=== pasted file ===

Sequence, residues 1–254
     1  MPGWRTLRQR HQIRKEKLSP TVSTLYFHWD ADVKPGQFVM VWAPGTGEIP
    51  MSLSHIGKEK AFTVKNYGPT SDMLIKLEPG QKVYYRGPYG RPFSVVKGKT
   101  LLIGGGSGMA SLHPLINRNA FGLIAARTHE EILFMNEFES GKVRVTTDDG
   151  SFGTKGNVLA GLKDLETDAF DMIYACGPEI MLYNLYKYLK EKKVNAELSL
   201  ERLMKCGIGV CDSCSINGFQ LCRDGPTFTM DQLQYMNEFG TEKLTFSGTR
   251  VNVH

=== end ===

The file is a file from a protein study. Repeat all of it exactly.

Sequence, residues 1–254
     1  MPGWRTLRQR HQIRKEKLSP TVSTLYFHWD ADVKPGQFVM VWAPGTGEIP
    51  MSLSHIGKEK AFTVKNYGPT SDMLIKLEPG QKVYYRGPYG RPFSVVKGKT
   101  LLIGGGSGMA SLHPLINRNA FGLIAARTHE EILFMNEFES GKVRVTTDDG
   151  SFGTKGNVLA GLKDLETDAF DMIYACGPEI MLYNLYKYLK EKKVNAELSL
   201  ERLMKCGIGV CDSCSINGFQ LCRDGPTFTM DQLQYMNEFG TEKLTFSGTR
   251  VNVH